A charge of vehicular homicide is a serious matter, but it's not necessarily an easy one for the prosecution to prove in court. For one Tennessee woman who allegedly caused the death of a man in a 2013 car crash, the case will move to the grand jury phase.
In August 2013, a woman was discovered allegedly shoplifting from a Fayetteville dollar store. According to authorities, she then stole a police cruiser and began driving at a high rate of speed to evade police. The cruiser crashed into the side of an SUV with five people inside. A 55-year-old passenger died as a result of the collision, and the other four occupants were taken from the scene to be treated for injuries.
The chase ended when the police cruiser collided with a gas pump. The woman now facing charges was injured in the crash and transported to a local medical facility for treatment.
On May 5 a Tennessee court held a probable cause hearing on the vehicular homicide case. During the hearing, a former officer with the Tennessee Highway Patrol testified on the stand that after the crash the woman's blood alcohol level was 0.11 percent, higher than the state's 0.08 limit for driving.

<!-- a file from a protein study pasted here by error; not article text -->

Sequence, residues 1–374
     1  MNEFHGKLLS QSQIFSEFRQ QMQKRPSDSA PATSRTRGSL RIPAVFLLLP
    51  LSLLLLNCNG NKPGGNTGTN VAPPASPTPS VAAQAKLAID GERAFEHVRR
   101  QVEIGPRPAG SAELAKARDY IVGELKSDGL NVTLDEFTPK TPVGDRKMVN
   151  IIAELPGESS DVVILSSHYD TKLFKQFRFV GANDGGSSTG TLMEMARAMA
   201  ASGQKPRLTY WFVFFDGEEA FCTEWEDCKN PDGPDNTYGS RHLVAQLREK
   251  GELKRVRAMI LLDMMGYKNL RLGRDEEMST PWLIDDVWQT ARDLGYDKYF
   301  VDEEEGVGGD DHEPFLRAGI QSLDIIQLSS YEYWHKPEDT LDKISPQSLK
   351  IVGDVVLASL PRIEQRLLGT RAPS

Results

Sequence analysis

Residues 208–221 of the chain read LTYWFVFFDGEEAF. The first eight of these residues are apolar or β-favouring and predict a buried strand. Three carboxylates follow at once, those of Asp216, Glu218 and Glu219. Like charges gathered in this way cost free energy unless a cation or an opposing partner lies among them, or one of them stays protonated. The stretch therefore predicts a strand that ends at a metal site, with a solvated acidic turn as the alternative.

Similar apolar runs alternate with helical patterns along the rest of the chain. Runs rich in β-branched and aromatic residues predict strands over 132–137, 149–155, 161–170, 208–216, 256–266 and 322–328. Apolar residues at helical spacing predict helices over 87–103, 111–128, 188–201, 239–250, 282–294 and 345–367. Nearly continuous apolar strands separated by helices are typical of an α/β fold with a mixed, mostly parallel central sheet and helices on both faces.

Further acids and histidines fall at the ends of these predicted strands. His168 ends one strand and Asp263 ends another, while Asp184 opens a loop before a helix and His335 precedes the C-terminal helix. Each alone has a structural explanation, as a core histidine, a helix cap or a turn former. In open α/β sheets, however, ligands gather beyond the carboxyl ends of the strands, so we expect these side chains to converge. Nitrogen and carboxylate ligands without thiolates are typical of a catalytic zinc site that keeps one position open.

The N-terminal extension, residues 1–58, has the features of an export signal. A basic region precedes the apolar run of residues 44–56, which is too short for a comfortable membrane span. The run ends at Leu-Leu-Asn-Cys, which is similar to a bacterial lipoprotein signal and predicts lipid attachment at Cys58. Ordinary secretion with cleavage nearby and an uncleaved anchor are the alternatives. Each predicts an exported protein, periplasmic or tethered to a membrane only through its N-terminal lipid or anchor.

Traces of other substances were also reportedly found in the woman's system, though the prosecution didn't indicate what those substances may have been. The former officer also testified that the police cruiser involved in the crash was valued at $25,000.
The court bound the case over to the grand jury, which is scheduled to hear testimony on May 20. The accused woman is currently being held by the Tennessee Department of Corrections.
The fact that someone died in this accident is tragic, but proving vehicular homicide may not be all that clear cut. There are high standards of proof for determining whether a death is a homicide or manslaughter, and a strong criminal defense is necessary to ensure that the accused receives a fair trial.
Source: WSMV.com, "TN vehicular homicide case heads to grand jury," Bliss Bowman Wade, May 5, 2014